• 18th July 1994: Having become a staff photographer at The Times Supplements in January 1994 I had just swapped from shooting with Nikon F4s to Canon EOS1n cameras.
  • 18th July 1993: Life was fun, fast and decidedly unpredictable. One day I would be shooting for a newspaper and the next it was a glossy magazine. On the third day it might be a PR job and you could lay money down that every week would be different from the last. I was shooting with a mixture of Nikon F4, F801 and FM2 cameras as well as having Leica M6s. Some days it would be black and white and some days it would be colour transparency. Some days I’d be using lights and others required nothing more than a fast lens.
  • 18th July 1983: I was working for Jessops when they only had five shops, offered great deals and great service and everyone knew the Jessop family. I was using Olympus OM1n cameras at the time and had acquired an awesome 35mm f2 Zuiko lens.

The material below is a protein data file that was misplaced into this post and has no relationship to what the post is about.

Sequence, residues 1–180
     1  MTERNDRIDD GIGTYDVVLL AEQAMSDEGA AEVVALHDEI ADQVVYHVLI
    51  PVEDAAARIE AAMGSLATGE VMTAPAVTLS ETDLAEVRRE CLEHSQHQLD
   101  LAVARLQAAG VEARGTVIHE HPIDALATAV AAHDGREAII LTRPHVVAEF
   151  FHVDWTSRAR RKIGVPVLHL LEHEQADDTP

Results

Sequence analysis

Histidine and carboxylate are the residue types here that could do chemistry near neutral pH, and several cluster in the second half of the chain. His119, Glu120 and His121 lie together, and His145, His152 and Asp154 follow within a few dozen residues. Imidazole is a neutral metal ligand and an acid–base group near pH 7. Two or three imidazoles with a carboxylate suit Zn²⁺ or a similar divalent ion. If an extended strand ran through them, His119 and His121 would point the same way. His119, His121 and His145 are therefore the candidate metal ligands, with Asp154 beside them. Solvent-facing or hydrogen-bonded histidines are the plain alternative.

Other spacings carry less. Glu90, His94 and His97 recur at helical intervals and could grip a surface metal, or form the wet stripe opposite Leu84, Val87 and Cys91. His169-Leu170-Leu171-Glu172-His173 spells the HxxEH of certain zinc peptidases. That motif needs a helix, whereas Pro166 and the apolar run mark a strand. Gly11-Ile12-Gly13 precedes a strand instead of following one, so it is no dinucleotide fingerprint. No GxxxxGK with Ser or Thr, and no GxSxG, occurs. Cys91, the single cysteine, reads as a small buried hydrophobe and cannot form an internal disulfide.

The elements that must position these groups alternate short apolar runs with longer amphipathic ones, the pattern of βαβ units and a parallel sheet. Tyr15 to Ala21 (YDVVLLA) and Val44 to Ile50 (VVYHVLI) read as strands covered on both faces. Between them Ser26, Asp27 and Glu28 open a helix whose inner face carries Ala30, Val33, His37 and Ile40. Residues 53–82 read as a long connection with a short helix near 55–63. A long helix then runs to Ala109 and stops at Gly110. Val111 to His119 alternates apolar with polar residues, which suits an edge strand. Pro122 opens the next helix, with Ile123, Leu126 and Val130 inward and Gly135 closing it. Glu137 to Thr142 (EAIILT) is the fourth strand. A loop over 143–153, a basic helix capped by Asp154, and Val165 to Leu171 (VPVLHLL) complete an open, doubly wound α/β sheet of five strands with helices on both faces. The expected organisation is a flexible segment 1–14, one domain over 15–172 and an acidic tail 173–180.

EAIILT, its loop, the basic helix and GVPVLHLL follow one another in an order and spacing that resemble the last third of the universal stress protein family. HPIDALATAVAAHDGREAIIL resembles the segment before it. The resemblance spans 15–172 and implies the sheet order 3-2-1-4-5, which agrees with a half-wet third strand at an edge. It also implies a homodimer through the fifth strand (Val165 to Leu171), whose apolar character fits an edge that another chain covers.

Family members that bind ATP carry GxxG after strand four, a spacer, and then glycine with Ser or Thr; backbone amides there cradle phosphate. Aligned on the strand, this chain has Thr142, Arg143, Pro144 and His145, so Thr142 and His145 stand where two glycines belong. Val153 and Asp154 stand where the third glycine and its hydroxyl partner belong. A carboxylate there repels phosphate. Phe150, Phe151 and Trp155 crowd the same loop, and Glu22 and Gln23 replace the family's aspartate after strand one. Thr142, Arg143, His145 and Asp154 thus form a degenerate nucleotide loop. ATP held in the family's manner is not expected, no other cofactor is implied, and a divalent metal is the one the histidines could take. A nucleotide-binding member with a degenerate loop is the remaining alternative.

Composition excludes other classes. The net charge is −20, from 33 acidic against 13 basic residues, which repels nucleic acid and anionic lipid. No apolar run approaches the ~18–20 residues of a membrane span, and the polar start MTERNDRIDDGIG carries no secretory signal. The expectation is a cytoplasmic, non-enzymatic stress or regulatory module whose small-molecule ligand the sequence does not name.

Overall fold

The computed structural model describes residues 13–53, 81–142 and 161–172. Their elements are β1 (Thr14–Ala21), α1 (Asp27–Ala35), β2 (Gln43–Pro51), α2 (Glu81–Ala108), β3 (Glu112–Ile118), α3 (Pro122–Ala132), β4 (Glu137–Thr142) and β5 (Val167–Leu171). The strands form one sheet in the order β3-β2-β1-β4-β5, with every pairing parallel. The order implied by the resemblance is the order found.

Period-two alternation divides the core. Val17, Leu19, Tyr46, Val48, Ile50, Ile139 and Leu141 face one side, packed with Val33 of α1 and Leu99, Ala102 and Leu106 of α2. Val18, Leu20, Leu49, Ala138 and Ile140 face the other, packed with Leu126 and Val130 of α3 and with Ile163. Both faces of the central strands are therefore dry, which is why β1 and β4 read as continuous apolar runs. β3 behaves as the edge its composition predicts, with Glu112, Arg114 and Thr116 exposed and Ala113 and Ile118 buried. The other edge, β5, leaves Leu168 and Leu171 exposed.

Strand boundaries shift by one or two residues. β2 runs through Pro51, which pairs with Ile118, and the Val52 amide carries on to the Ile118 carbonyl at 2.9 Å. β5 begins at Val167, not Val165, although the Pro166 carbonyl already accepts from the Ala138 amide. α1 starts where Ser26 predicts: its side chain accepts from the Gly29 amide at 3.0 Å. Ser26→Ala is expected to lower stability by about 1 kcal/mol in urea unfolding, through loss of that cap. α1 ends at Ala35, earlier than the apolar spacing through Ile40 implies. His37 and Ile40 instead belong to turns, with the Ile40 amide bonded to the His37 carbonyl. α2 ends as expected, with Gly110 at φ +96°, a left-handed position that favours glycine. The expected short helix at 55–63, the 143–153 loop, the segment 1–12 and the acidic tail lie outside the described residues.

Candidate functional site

My career has (so far) failed to stand still for more than a couple of years. Technology changes, my employment status changes and I change. All of that adds up to excitement and that triggers a feeling of keeping it fresh. My style constantly evolves and the client base also evolves. A lot of my colleagues spend a lot of time bemoaning the disappearance of the ‘good old days’ and I am also prone to a bit of nostalgia but we are where we are and just under five years ago I wrote this line:

“It’s an exciting time to be a photographer with new challenges being presented every month and I am on record as saying that I am a very lucky man to be doing what I do.”